This blog post is so I don't forget all of this when I page it out. Notes, HDCP1.0 being broken doesn't matter to this, maybe HDCPv2.0 being a bit broken could be used, but I'm not sure how!
The displaylink USB3 protocol is based on HDCP protocol. I've traced the first few packets and it clearly
looks like the host sends two packets
and the device sends back
AKE_Send_Cert contains a 522 byte certificate, containing a receiver id, public key, some misc bytes and a signature generated with the DCP LLC private key, that you have to verify.
so the HDCP v2.2 spec contains the DP LLC public key, and I've written some code to verify the spec using openssl, but it totally fails to work. This is probably due to me doing something stupid, or not understanding what I'm doing, if you are openssl knowledgeable and want to look, the hack fest is
It might be the DisplayLink devices use a different signing key than the DP LLC one.
That repo contains some code to talk to the device (currently disabled) and do the initial sequence, along with an attempt to verify the cert.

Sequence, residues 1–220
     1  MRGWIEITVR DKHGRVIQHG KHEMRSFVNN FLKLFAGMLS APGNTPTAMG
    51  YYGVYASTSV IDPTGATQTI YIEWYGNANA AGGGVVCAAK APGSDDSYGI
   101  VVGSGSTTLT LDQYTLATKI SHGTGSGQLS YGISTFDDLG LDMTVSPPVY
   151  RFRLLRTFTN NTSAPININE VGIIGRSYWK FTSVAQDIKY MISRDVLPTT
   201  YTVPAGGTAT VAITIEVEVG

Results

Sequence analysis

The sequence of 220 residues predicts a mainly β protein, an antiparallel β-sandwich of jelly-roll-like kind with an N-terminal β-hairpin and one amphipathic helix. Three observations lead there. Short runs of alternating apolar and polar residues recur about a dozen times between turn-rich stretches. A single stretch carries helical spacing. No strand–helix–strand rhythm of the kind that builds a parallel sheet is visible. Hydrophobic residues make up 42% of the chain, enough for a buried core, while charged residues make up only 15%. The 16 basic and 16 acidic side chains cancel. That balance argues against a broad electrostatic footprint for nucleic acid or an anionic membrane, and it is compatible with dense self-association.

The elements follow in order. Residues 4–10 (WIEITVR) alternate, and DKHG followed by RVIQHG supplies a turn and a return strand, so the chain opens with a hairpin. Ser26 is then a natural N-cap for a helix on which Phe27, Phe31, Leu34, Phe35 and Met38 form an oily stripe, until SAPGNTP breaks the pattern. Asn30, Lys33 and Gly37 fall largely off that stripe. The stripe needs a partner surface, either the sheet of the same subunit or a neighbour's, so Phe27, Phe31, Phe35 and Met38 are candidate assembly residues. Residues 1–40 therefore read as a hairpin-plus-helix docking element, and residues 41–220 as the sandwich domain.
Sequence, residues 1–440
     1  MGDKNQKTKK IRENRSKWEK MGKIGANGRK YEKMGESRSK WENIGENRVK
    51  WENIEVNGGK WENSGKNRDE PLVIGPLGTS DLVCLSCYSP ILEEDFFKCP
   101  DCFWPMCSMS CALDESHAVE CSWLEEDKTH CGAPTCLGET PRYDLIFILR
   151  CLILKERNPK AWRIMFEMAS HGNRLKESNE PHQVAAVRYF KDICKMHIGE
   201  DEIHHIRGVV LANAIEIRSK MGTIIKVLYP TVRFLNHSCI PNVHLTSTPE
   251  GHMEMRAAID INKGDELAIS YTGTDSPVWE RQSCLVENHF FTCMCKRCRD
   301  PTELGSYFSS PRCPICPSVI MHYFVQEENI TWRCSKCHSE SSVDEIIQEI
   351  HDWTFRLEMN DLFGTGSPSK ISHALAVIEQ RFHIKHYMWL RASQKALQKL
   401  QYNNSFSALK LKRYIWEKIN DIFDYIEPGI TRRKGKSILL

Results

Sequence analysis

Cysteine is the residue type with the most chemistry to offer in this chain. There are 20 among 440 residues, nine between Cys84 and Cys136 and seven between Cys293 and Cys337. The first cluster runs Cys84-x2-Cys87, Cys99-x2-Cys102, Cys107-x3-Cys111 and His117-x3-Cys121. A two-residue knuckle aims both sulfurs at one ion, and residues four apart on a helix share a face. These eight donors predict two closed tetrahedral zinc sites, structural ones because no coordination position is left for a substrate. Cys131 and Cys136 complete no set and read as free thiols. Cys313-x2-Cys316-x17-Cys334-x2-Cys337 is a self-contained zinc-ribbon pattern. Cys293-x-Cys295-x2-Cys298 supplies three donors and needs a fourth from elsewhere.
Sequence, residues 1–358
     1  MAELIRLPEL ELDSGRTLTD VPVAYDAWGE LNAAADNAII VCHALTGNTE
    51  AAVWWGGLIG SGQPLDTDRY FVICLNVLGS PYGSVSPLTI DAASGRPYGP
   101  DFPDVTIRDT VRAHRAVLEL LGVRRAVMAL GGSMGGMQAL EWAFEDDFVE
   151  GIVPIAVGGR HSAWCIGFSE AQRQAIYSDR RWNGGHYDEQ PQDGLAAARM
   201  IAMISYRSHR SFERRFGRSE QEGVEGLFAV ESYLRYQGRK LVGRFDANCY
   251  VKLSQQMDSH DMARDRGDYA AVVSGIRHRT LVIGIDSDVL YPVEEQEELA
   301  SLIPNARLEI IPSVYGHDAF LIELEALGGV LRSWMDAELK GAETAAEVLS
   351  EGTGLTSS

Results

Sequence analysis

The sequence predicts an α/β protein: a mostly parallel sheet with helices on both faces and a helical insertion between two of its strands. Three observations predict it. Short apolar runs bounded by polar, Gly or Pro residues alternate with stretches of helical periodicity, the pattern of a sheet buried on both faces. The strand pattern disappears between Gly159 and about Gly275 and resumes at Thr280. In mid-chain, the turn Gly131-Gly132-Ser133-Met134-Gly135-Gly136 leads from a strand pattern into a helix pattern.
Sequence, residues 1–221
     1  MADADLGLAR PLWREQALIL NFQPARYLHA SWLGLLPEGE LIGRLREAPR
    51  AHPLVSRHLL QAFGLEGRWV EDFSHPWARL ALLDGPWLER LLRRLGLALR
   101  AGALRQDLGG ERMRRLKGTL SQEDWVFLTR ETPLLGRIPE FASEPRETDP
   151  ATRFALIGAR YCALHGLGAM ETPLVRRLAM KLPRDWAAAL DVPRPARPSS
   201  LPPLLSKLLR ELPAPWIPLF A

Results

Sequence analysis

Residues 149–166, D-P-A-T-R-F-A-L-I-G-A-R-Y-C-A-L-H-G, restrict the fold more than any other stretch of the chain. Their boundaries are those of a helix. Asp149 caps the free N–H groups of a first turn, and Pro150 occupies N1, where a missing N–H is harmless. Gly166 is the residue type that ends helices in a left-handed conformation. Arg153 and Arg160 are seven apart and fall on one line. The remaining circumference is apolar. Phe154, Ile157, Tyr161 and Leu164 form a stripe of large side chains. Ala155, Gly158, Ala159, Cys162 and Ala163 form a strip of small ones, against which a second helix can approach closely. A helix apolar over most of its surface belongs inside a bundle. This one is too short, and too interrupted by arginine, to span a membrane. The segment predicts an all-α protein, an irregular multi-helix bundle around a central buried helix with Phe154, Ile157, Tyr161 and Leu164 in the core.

Now once I get past this hurdle, the larger one seems to remain, the HDCP 2.0 spec has a global secret 128-bit value called LC128, that everyone who implements HDCP gets and hides somewhere. Its probably sitting in the displaylink driver in hex, but I'd hope they at least hide it better than that. It may also be possibly supplied by the OS, Windows or OSX. (I've no clue yet). That value is used in the key negotiation.
Now it might be possible that Displaylink allow non-HDCP encrypted data to be sent to the device, in which case win if I can find out where/how to do that, or it might be the device requires HDCP and decrypts non-HDCP content before sending it over VGA/DVI. I've no ideas yet on that front either.
Ah well probably enough learning for today, I knew nothing about HDCP this morning, so I can't say it made my life any better learning about it :-P